In Night Draws Near, Anthony Shadid corrects this hideous oversight with a powerful glimpse at the effect this war has had on everyday Iraqi people. It is a beautifully reported, crucial piece of context in a war where, as it turns out, context was everything.
“Time and again, I am struck by how seldom I hear the word, hurriya, ‘freedom,’ in conversations about politics in the Arab World,” writes Shadid in his introduction. “Much more common among Arabs is the word, adil, ‘justice.'”
This book captures why Iraqis feel their sense of justice has been trampled. For starters, as he reminds readers, the country the United States invaded had been suffering through wars for more than 30 years. The most costly of these conflicts was the Iran-Iraq War, started by Saddam Hussein, but funded largely by the United States. More than a quarter million Iraqis died in that conflict alone.
Roaming the country, Shadid talks to men forced into duty for that war, some who spent a great deal of it in Iranian prisons. One of them recalls Iraqi soldiers so desperate to get home they’d step on land mines, in hopes the explosion would take just a part of their body.
It’s easy to see why these veterans would want never to go to war again. But, of course, they did.
Shadid didn’t speak only to former soldiers. Born in Oklahoma of Lebanese heritage, he was one of the few Arab-American writers in the Middle East who spoke Arabic, and he used his understanding of the culture to gain access to the thoughts of everyday Iraqis.
He talks to newly trained police forces in the Sunni Triangle, to intellectuals, to average men and women who waited out the “shock and awe” campaign in their homes, blasts coming so powerful they ripped open the doors of refrigerators and shattered windows. One man explains why Iraqis who hated Saddam hate the invasion even more: “What gives them the right to change something that’s not theirs in the first place? I don’t like your house, so I’m going to bomb it and you can rebuild it again the way I want it, with your money? I feel like it’s an insult, really. What they’re doing to us, they deserve to have done to them … their children.”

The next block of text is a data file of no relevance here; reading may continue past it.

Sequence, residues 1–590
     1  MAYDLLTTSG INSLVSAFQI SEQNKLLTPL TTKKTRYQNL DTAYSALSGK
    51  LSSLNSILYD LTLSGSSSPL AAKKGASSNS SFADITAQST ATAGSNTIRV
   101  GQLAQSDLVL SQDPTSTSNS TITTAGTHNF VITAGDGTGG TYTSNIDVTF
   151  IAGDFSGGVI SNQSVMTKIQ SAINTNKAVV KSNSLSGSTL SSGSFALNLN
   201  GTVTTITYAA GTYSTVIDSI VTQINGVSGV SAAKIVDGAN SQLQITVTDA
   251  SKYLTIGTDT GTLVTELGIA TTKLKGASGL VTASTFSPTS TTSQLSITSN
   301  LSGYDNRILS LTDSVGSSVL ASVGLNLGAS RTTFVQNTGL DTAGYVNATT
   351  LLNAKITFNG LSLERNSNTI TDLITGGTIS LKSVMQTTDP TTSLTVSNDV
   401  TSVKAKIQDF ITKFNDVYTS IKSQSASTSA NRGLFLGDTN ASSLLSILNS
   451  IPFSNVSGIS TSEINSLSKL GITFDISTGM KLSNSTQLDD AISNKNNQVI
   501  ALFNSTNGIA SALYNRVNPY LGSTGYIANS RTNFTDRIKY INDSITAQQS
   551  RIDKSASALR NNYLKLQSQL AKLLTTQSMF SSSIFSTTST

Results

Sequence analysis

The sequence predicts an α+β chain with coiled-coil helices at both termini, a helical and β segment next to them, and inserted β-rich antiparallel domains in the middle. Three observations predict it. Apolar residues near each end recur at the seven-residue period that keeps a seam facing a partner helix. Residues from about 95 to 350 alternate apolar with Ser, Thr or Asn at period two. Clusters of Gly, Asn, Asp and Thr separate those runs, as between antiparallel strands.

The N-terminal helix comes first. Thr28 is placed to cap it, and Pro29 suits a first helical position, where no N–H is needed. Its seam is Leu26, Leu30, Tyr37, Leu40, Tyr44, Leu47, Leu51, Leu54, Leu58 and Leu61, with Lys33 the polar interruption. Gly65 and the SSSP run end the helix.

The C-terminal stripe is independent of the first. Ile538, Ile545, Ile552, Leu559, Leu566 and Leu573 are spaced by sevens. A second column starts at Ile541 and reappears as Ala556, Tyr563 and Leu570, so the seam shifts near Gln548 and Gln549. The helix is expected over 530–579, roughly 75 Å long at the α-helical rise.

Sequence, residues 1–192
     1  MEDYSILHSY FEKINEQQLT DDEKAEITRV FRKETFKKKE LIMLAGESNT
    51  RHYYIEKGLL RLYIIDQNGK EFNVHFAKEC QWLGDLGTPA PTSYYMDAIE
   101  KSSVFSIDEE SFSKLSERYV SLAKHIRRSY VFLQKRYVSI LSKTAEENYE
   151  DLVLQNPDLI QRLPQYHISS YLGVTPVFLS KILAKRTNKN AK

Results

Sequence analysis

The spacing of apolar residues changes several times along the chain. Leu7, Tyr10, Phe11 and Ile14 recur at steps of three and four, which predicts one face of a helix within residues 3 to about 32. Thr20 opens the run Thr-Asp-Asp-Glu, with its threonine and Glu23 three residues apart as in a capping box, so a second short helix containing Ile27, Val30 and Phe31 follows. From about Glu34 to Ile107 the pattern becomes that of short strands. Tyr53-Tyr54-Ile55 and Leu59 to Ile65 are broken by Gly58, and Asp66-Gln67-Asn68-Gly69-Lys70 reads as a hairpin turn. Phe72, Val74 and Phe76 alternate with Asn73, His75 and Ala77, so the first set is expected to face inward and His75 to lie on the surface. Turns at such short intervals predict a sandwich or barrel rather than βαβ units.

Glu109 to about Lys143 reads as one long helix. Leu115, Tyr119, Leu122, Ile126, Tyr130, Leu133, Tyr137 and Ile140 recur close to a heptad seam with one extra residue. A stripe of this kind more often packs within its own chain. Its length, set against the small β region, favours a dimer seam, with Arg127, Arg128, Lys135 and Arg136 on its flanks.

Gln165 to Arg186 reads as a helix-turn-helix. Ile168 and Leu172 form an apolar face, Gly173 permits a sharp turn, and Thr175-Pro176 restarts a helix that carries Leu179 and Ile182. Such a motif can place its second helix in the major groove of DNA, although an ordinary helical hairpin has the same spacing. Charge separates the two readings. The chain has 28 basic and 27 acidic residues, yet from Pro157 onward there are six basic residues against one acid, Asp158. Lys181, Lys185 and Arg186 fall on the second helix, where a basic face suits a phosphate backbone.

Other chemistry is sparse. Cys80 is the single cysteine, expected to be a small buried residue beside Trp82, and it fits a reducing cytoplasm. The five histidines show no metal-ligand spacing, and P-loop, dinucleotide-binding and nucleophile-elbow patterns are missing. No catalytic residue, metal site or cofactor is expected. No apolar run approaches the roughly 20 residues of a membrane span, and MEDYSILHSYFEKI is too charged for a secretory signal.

The complaints heard so often in the news—the lack of security, clean water, electricity—are repeated here, but when attached to people they mean something tangible. It seems obvious that, left unsolved long enough, such legitimate complaints would coalesce around a leader who arose from the street, such as Shiite Muslim leader Moqtada Sadr, whom Shadid interviews when he is thrown into the limelight, awkward and blinking, a figure of resistance.
Shadid believes the confrontation between Sadr’s army and U.S. forces in Sadr City last August was inevitable. It came as the result, he says, of misinterpretations and a lack of sympathy. And it was kicked off in part by the image of a U.S. helicopter trying to knock down a flag inscribed with the name of an important religious figure. Broadcast over Iraqi TV, the picture infuriated Iraqis already on edge.
Perhaps it looks different within the fog of war, but from hindsight, it seems impossible not to interpret these events as precursors to a nationwide insurgency, led, Shadid makes clear, not from one source but from a variety of people united by a language of religion.
“Iraq had now joined Palestine and Afghanistan, Chechnya and Bosnia, all countries where a besieged Muslim population was pitted against a more powerful foe,” he writes. When Night Falls reveals that this war might have gone a different way if we had listened to the people of Iraq as Shadid did from the beginning.